By Lucy Piper, Senior medwireNews Reporter
Insomnia symptoms are often persistent, report researchers who found that targeting sleep-interfering behaviors may be one method of prevention.
The team estimates that only one-third of individuals with insomnia will experience spontaneous remission of their symptoms over a 4-year period.
Engaging in sleep-interfering behaviors was one of the primary risk factors associated with persistence, note the researchers.
“This finding raises the intriguing possibility that behavioral treatments that directly target sleep interfering behaviors, such as those taught in the course of cognitive behavioral therapy for insomnia (CBT-I), might be an effective preventative intervention,” says the team, led by Rachel Manber (Stanford University, Palo Alto, California, USA) and Chol Shin (Korea University Ansan Hospital).
“The public health impact of such an intervention could be high, given that persistent insomnia symptoms was associated with higher depression scores and lower physical or mental health QoL [quality of life].”
The researchers assessed insomnia symptoms in 1247 individuals, aged an average of 54 years, using a 4-point Likert scale on which they rated difficulty initiating sleep, difficulty maintaining sleep, and experience of early morning awakenings and not feeling refreshed in the morning.
Of these individuals, 316 (25.3%) were classified as having insomnia symptoms at baseline due to experiencing at least one of the four symptoms (defined as score ≥3) more than three to four times a week.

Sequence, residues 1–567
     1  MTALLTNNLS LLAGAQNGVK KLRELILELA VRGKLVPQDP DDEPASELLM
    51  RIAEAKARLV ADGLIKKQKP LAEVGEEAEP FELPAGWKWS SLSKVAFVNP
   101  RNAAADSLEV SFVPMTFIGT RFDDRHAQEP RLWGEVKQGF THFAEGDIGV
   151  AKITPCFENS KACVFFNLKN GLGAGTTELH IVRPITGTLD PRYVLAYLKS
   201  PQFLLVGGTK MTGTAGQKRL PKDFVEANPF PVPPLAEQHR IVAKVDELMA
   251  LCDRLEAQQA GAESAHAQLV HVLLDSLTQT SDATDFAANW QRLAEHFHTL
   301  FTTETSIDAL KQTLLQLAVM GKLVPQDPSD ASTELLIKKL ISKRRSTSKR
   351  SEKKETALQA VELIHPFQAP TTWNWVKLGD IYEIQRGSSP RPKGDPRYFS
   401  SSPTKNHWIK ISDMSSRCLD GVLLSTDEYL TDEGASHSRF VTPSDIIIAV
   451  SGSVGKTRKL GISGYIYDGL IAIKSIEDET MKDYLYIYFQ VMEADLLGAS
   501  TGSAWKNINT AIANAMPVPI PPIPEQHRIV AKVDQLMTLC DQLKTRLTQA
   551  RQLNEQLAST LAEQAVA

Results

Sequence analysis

Persistent insomnia was the most common course for patients with insomnia at baseline, with 35.4% continuing to experience symptoms at a further two time points measured 2 years apart.
Patients at highest risk for persistent insomnia symptoms were those who had poor baseline sleep quality on the Pittsburgh Sleep Quality Index (≥9 points), frequently endorsed engaging in sleep-interfering behaviors on the Sleep Behavior Scale (≥18 points), and reported low mental health QoL on the mental composite summary of the 12-item Short-Form health survey (<54 points).
Thirty-one (64.6%) of the patients with persistent insomnia met all three of these risk factors, while just 5.2% met none of them.
“This finding highlights the importance of addressing multiple risk factors in preventing transient sleep disturbance from turning into persistent insomnia,” Manber and Shin write in Sleep Medicine.
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